Italy cruise wreck rescue halted, captain under house arrest

Italy cruise wreck rescue halted, captain under house arrest

The captain of a doomed Italian cruise liner today returned home to the Amalfi coast under house arrest, as fears grew that bad weather could hamper rescue efforts on the wreck.

Divers, mountain rescue teams and soldiers have so far recovered 11 bodies from the turbid waters of the half-submerged hulk and the surrounding sea.

Another 20 passengers and crewmen are unaccounted for, their relatives huddled in hotels in the area anxiously waiting for news of their loved ones.

Rescuers were again forced to suspend their search today as the vessel shifted. Emergency workers fear that the ship could slip from the rocky shelf on which it is resting and plunge into the open sea to sink entirely.

"Instruments indicated the ship had moved, we are in the process of evaluating if it has found a new resting point to allow us to resume. For the moment we cannot even go near it," emergency services spokesman Luca Cari said.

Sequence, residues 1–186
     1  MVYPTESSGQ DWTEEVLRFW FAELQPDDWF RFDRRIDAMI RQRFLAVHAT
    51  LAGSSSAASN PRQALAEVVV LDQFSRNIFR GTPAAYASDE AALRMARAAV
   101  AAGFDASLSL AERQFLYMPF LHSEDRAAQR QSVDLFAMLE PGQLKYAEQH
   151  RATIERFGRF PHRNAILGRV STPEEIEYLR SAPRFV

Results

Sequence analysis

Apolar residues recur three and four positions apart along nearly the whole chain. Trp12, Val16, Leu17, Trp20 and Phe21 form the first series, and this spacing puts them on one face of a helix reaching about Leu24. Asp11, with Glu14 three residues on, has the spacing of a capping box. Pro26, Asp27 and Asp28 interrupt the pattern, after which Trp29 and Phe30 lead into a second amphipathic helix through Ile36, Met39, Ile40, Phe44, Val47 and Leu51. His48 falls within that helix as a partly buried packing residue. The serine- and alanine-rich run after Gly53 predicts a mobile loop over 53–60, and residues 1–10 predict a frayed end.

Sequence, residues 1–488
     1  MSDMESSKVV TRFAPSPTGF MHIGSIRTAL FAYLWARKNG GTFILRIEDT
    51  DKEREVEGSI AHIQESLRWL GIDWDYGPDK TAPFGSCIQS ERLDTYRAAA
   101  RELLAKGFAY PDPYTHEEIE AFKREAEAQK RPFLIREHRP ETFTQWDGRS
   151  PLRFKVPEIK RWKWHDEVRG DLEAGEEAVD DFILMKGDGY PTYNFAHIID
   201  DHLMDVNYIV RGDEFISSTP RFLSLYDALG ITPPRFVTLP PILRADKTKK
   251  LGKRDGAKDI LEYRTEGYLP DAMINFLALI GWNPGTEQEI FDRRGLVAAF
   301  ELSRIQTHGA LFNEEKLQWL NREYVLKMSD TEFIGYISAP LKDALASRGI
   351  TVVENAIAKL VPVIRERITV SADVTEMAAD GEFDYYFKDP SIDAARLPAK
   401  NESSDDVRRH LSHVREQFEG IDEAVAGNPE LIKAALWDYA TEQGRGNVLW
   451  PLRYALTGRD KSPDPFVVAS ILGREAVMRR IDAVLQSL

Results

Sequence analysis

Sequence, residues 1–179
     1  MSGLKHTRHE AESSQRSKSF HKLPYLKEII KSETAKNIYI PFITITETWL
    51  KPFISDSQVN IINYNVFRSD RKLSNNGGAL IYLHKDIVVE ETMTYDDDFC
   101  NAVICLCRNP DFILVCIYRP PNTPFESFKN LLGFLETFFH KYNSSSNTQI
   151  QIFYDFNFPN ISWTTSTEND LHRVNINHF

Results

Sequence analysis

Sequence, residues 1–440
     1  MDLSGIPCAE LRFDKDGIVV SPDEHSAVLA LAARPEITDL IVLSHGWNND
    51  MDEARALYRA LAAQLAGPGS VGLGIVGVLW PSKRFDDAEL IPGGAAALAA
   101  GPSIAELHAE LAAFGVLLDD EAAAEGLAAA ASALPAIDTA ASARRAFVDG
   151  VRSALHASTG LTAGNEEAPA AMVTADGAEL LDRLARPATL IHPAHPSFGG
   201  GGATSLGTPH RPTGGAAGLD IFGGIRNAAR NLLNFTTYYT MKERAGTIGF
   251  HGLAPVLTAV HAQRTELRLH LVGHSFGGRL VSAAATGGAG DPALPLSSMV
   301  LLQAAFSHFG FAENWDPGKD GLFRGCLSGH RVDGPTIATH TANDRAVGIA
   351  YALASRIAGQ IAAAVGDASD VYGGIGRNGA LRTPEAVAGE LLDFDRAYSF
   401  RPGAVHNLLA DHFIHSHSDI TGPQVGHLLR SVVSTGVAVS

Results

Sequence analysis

The Costa Concordia's 52-year-old captain Francesco Schettino -- described by one Italian newspaper as "the most hated man in Italy" -- faces years in prison on charges of multiple manslaughter and abandoning ship.

He has defended himself, saying his manoeuvre after the ship hit rocks and pitched onto its side saved lives. He said he left the ship to coordinate evacuation efforts from the shore.

But in a dramatic port authority recording of a telephone exchange as the disaster unfolded late on Friday, Schettino repeatedly told a port official who was urging him to get back on board the vessel that he could not get access.